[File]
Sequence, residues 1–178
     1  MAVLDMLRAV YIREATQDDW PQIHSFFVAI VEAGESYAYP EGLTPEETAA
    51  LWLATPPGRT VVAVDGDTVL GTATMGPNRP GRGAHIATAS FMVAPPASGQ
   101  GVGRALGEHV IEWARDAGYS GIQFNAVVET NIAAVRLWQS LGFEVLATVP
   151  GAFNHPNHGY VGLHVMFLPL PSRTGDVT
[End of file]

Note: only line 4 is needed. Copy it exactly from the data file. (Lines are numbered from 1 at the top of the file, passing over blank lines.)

   101  GVGRALGEHV IEWARDAGYS GIQFNAVVET NIAAVRLWQS LGFEVLATVP